Flu season has peaked — viral activity on decline: 5 things to know

The 2017-18 influenza season peaked in early February and is now on the decline, according to a data published by the CDC March 3.

Here are five things to know.

1. The percentage of outpatient visits for influenza-like illness was 5.0 percent for the week ending Feb. 24, marking a 1.4 percent decline from the week prior. Despite the decrease, flu activity is expected to continue for weeks.

"We have definitely peaked," said Kristen Nordlund, CDC spokesperson, according to CNN. "[However] that doesn't mean we aren't going to see more flu activity."

2. The number of states reporting widespread flu activity for the week ending Feb. 24 declined by three. Forty-five states and Puerto Rico reported widespread flu activity for the week. Minnesota, Texas and Guam reported regional flu activity; Hawaii, Oregon, Vermont and Washington, D.C., reported local flu activity; and the U.S. Virgin Islands reported no flu activity for the week.

3. The overall hospitalization rate was 81.7 per 100,000 population for the week ending Feb. 24. The CDC tallied 23,324 laboratory-confirmed flu-associated hospitalizations from Oct. 1, 2017, through Feb. 24, 2018.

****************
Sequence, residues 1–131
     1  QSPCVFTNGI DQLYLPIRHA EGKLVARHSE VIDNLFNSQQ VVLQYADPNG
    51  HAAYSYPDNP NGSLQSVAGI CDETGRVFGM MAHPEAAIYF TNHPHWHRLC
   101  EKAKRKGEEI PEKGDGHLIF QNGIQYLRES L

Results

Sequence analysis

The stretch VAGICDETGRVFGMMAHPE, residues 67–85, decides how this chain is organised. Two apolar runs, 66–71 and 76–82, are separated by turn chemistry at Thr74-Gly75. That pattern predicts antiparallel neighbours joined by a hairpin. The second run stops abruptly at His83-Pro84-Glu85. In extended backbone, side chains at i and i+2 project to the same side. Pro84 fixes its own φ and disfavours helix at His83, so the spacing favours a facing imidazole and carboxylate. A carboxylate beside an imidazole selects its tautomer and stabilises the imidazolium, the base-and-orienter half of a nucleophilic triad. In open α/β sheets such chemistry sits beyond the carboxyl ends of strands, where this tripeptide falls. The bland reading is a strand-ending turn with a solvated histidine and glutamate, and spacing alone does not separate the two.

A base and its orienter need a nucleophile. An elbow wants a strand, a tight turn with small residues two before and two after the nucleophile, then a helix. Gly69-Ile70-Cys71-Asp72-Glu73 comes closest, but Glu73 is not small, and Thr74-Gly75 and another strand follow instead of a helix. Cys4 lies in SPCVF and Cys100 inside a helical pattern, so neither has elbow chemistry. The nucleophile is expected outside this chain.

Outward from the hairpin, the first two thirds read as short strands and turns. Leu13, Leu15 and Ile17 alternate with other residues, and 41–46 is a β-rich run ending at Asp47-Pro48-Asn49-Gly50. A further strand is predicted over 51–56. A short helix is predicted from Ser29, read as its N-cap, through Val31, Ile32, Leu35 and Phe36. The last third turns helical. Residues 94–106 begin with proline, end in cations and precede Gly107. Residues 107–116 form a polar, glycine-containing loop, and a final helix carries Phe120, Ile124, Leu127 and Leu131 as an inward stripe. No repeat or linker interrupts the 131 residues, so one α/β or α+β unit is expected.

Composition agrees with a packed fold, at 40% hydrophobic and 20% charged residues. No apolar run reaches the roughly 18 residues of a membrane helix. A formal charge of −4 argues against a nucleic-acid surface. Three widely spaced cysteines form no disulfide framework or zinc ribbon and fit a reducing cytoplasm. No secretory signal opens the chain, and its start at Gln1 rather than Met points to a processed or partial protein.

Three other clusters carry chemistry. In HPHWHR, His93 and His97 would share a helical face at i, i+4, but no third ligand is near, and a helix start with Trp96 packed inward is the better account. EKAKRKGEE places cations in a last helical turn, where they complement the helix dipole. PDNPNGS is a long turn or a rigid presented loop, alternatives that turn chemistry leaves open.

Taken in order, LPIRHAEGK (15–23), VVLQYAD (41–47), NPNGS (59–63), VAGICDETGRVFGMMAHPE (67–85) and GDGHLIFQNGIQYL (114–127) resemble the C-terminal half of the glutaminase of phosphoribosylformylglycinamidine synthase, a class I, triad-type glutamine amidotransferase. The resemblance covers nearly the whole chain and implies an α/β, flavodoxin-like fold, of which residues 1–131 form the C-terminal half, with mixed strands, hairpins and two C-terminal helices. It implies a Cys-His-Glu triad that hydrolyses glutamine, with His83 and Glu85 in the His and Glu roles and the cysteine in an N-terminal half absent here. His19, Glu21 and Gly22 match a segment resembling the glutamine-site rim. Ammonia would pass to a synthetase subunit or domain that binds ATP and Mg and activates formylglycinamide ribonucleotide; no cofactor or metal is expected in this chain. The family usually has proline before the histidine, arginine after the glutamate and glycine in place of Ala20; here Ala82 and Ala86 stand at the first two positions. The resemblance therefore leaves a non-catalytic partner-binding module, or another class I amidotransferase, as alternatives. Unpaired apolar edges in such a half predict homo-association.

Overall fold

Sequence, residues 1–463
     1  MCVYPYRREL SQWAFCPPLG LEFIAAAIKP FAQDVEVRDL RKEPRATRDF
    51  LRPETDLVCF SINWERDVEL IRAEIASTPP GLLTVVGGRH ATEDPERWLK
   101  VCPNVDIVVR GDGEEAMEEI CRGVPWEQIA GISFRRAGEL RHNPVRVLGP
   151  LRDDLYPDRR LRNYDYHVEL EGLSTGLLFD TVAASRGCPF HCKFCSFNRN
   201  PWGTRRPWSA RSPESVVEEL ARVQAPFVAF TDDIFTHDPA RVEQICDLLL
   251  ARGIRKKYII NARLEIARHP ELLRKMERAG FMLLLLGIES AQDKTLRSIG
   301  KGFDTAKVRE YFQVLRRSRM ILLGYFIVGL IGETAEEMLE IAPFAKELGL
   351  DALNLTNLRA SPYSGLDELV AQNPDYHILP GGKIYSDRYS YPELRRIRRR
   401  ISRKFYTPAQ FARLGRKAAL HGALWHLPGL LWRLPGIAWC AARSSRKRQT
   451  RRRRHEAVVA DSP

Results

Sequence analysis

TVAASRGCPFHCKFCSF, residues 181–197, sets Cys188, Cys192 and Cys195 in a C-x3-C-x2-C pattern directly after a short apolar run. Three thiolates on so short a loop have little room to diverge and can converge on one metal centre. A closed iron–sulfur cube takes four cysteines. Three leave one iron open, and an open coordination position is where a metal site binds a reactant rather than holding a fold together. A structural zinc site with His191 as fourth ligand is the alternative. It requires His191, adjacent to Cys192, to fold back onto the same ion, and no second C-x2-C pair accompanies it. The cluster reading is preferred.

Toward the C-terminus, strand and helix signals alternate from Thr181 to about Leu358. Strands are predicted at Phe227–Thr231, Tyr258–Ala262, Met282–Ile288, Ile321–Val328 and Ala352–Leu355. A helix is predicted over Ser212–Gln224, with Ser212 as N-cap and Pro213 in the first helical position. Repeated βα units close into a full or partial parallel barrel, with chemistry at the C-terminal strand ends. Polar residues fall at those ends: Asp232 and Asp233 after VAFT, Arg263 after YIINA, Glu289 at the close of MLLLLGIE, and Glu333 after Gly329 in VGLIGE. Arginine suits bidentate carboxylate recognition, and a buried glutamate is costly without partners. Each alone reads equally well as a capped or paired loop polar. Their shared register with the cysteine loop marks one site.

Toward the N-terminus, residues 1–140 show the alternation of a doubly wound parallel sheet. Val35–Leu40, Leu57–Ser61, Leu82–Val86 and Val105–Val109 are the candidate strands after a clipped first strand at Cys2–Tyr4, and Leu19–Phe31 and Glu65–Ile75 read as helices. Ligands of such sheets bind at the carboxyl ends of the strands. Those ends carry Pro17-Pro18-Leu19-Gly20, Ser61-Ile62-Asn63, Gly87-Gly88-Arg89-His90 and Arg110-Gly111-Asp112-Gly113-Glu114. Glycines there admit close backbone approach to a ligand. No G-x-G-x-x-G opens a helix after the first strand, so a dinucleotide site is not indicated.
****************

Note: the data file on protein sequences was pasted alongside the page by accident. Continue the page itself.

4. The most frequently identified virus type in positive specimens this flu season has been influenza A. The majority of these cases — 86.6 percent — have been attributable to the H3N2 strain, which is known to cause more severe illnesses in the elderly and young children. However, while influenza A has been more dominate this season overall, the number of influenza A and B cases identified the week ending Feb. 24 were nearly even.

"While H3N2 viruses remain predominant overall this season, the proportion of B viruses versus A viruses is now almost even," said the CDC in a summary of the new data. "In recent weeks, B viruses have been increasing while H3N2 viruses have been decreasing."

5. The CDC increased its count of pediatric flu deaths for the 2017-18 flu season by 17, bringing its total to 114. The number surpasses the 110 pediatric flu deaths reported for the 2016-17 flu season.

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